- "When you send your son off to college and he emails you and tells you that organic chemistry isn't that hard. [Update: He got an A in the class!]" –Sandra H
- "Your kids are playing Simon Says with directions like 'pretend you are an oblique line segment!'" –Niki C
- "When the conversation you are having about 6th/7th grade chemistry is so in depth that a college sophomore majoring in Engineering asks you if you have a degree!!!!! I told him yes, I have my 'M-O-M' degree. :)" –Stacey A
- "My teenagers love talking things over with me and don't mind being seen in public with me." –Carol C
- "You can take a picnic bench, an oatmeal container and a hula loop and turn them into an ear canal and eardrum." –Jeana R
- "You go to get groceries and your kids bring pencil and paper so they can figure math problems as you go down each aisle." –Heather
- "Your daughter wants to have a party and invites seven other homeschool girls to join her in working at the church Food Closet on a weekday morning." –Karen L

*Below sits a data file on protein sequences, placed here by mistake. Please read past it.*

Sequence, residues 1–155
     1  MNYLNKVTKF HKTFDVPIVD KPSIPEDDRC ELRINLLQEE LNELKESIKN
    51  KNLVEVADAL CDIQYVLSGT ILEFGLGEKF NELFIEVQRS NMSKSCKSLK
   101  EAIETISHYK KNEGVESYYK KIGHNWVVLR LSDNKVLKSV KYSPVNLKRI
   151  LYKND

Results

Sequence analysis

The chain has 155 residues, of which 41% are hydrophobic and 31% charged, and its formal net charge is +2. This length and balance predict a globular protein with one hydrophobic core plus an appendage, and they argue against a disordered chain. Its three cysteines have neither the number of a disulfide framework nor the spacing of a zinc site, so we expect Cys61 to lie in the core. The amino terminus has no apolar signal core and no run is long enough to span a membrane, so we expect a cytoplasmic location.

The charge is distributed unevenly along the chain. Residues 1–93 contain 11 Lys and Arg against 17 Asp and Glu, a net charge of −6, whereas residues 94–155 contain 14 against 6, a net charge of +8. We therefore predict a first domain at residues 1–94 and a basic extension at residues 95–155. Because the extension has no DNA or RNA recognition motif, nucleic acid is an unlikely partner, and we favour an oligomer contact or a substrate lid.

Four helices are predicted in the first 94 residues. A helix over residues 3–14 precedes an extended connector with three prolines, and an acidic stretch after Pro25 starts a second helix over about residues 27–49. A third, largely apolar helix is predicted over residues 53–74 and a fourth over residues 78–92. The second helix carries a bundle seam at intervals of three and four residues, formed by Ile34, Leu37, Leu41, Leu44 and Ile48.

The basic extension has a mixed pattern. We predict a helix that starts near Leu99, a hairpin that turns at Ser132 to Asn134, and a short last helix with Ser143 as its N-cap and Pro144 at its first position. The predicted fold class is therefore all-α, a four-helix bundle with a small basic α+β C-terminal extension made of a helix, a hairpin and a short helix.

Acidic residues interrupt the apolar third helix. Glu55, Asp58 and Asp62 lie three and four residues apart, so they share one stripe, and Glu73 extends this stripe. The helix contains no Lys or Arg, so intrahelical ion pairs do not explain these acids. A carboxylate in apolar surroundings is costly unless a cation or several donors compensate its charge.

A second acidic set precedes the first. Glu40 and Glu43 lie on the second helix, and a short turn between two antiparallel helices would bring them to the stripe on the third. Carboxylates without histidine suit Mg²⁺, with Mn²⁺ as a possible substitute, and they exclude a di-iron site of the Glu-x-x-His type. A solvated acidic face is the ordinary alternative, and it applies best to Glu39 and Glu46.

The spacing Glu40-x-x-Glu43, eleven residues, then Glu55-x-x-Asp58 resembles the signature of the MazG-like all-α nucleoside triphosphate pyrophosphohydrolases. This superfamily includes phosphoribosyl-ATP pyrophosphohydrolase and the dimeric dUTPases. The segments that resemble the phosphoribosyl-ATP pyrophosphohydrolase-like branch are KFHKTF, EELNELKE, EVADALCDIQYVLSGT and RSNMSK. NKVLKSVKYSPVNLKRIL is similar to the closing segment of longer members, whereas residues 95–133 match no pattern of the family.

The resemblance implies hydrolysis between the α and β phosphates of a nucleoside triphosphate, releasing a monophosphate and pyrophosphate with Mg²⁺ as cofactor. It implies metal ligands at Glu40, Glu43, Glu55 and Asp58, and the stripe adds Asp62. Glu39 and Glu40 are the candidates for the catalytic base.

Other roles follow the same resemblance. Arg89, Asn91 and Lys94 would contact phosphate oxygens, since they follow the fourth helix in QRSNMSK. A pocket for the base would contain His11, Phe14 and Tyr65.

- "Your daughter is filling in a blank on a questionnaire that asks, 'Where do you go to school?' and she writes, 'Under the dining room table.'" –Cindy
How about you? Do you have a good finish to the sentence "You Know You're a Homeschool When ..."?
Curriculum that Teaches Me How to Homeschool
My daughter is an extremely curious little girl so when I opened the boxes up she was right there with me going through each book. She meticulously placed each book in a pile according to size and told me which ones she was going to read first!
Looking Through the Books
She is so interested in animals that we immediately had to look through the Frogs and Tadpoles book. After being able to go through the boxes and get everything organized, I sat down with the instructors guide and read through it. It was so wonderfully laid out and I love that I have everything I need to get her started and loving school!
Ready to Start School
We are taking some vacations and "school" won't be starting until September but my daughter is asking everyday if it's time for school yet. I am taking the summer to read all of her books and even I am excited with the wide range of literature that is covered. I do not remember learning any of this when I was in Kindergarten so I am excited for my daughter. I finally feel like I CAN do this and it will be a wonderful journey with the help of Sonlight!
Wednesday, June 8, 2011